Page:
Yak Attack

A place to unwind and spend some time yakking.

Monday, April 03, 2006

A wolf in sheep's clothing

Lew went to a Home Show over the weekend. We'd done work for some of the vendors present at the event, so he stopped by to show his support for our customers. On a table near the enterance, pamphlets about emergency preparedness sat snuggly between real estate flyers and business cards. He picked up one titled "Disaster Preparedness Handbook," so I could read it. Lew was being nice-- he knows I feel being prepared is important and that I blog about it on occasion. He didn't look the pamphlet closely until he got home and gave it to me. After we looked at together, this freebie highlighted for us the darkness lurking under the surface. We know it's there, but we don't often talk about it.

My first question about this particular "Handbook," (from this point forward, I'll refer to it as the Handbook) was what organization is the Washington Military Department--Emergency Management Division. They co-authored the Handbook with the Washington State Department of Health. I checked out their website, and I was still in the dark. Washington state had a military department-- since when, and who are they?

After checking the sidebars on the left and right side of the EMD's home page, I had a "duh" moment. There was a button at the top toolbar that said Military Department. Pressing it brought me to the website for the Washington National Guard, although the wimpy, washed out title stating "Washington Military Department," fades into the background due to the color photos and navigation buttons surrounding it.

After cruising around the National Guard site for a bit, I stumbled upon a .pdf titled, Strategic Plan 2004 Final. I haven't read the whole document yet (it's 64 pages), but under first skim, it appears to be a plan for this state military department's scope and direction during the years 2006-2011. On page 12 of the document, under "Performance Assessment," I discovered that some time back in 2003/2004 (this is a vague guess based on the wording used in this section of the document and the publishing date on it of 04-12-2004), Washington's National Guard, Emergency Management and E-911 became intergrated into the umbrella agency of the Washington Military Department. I must be living under a rock, because you'd think as a news-reading and watching person, I would have picked up on this at some point, especially when I read about the department's mission.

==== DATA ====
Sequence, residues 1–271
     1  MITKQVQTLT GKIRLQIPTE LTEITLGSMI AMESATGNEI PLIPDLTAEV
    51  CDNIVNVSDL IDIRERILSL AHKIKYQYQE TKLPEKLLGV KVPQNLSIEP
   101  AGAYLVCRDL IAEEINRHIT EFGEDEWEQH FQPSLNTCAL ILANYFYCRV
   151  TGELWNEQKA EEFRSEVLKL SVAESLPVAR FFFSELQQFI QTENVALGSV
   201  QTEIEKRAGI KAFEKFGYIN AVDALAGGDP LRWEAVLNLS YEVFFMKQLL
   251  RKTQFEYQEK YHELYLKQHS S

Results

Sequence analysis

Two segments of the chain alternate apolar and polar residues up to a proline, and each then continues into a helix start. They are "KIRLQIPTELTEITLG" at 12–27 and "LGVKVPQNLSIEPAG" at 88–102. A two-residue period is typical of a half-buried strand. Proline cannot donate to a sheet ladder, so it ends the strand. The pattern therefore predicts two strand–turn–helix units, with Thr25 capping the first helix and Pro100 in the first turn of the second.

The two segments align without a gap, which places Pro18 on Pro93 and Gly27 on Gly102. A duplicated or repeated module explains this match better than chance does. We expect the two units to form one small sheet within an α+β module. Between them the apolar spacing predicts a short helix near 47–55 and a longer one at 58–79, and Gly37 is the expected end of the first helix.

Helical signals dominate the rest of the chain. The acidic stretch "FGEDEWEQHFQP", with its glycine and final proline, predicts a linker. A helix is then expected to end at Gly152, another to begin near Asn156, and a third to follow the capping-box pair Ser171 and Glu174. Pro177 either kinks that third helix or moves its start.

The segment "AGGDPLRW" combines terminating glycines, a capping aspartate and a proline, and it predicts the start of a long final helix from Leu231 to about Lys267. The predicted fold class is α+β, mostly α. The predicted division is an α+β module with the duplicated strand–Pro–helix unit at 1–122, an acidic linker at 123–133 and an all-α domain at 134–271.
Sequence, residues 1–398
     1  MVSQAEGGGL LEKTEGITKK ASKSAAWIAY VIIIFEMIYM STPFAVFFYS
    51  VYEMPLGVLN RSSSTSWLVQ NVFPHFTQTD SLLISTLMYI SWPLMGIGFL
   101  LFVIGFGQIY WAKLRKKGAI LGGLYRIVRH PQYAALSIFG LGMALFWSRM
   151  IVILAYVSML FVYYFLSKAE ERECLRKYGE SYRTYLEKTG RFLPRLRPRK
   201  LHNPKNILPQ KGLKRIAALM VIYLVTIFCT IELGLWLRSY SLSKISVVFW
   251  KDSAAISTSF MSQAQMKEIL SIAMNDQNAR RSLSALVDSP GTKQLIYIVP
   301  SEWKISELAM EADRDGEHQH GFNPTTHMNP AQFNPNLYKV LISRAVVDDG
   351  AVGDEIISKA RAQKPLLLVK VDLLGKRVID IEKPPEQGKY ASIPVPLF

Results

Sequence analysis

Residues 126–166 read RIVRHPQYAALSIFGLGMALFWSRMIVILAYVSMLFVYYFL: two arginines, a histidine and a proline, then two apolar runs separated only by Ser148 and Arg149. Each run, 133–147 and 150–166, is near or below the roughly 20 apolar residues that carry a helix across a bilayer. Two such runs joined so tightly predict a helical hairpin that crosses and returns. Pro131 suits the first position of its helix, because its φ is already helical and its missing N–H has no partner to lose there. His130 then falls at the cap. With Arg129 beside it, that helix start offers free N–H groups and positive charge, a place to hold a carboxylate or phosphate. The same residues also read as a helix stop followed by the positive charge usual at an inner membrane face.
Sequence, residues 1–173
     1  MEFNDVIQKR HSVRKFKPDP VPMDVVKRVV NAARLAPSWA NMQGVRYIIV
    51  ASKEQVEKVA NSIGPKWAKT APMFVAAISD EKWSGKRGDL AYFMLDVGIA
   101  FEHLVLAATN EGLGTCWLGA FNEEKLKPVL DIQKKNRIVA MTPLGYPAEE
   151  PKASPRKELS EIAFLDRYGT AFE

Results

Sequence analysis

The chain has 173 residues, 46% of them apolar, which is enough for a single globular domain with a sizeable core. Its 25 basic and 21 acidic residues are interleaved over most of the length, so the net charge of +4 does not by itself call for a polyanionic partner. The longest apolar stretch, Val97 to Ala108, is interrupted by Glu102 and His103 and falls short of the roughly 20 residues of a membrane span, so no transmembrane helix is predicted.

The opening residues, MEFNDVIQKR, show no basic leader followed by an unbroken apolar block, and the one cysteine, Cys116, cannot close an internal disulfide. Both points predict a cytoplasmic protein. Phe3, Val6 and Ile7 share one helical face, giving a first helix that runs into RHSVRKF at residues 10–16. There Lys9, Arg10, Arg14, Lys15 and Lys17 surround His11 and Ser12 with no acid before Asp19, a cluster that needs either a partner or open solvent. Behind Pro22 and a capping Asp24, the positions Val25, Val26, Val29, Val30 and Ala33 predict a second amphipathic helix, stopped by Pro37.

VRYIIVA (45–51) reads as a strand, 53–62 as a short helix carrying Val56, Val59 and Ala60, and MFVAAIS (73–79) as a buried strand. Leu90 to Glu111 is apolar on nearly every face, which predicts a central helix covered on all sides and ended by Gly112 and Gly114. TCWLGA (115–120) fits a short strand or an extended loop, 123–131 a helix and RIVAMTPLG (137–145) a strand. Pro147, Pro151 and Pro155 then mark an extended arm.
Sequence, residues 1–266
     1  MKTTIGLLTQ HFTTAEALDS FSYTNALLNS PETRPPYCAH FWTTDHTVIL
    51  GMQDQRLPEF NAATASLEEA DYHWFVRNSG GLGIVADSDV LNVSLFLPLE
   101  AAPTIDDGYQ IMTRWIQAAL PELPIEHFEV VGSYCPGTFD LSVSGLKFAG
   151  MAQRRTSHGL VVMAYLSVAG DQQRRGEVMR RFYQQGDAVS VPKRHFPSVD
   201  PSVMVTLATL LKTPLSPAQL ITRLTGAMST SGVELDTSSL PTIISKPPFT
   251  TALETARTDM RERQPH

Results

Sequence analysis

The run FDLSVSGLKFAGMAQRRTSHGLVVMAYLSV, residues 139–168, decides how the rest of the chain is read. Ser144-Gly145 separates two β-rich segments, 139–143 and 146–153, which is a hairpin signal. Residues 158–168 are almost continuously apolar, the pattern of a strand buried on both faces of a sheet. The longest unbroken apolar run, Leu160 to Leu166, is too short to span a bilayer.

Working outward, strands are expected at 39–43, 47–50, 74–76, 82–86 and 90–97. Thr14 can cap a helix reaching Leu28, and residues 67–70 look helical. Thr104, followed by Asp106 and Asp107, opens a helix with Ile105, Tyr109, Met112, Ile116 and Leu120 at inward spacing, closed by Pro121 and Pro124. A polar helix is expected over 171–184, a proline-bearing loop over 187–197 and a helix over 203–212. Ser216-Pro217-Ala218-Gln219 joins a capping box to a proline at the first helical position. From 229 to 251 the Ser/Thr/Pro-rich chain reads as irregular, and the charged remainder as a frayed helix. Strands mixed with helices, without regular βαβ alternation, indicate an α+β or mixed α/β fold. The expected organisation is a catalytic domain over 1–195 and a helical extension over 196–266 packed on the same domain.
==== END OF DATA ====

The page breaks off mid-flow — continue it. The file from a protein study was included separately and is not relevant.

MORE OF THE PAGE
The Military Department mission is unique in state government. It requires a
seamless, interconnected relationship with all levels of government throughout
the state. When disasters strike, the Military Department has the state lead and
must work with other federal, state and local agencies to protect the lives and
property of Washington citizens and businesses.
Every time I read the word seamless in a government document I get the chills. Nothing good ever comes from "seamless, interconnected relationships," in the government realm. It means that draconian measures will pop up and seek to rule our lives, but when we try to search for the source, the "seamless" trail is as convoluted as a plate of spagetti. I didn't even need to read past the front cover to know the Handbook was a bearer of bad news. But, like Pandora, I had to satisfy my curiosity.


At 8:45 PM, Blogger Don Bangert said...

Seamless as if the state and local emergency response teams were a mere extension of the federal government. A type of proxy rule. May be? May be not? Who knows?

Thanks for bring this to light, though. I can't confirm this, but I believe this is a product of federal funding granted under homeland defense. If memory serves, I believe Washington State was to use a portion of the grant money to coordinate all the emergency response bodies under one controlling head.

At 8:43 AM, Blogger lewlew said...

Seamless as if the state and local emergency response teams were a mere extension of the federal government. A type of proxy rule. May be? May be not? Who knows?

Yes, I believe, from what I've read so far, that this is the case. The list of "partners"; the quotes about how we're a "benchmark" state (that means other states are modeling their response serives after our integration); the types of drills being held in our state (the Wa Military Dept. website has a year long calendar-- take a look at it).


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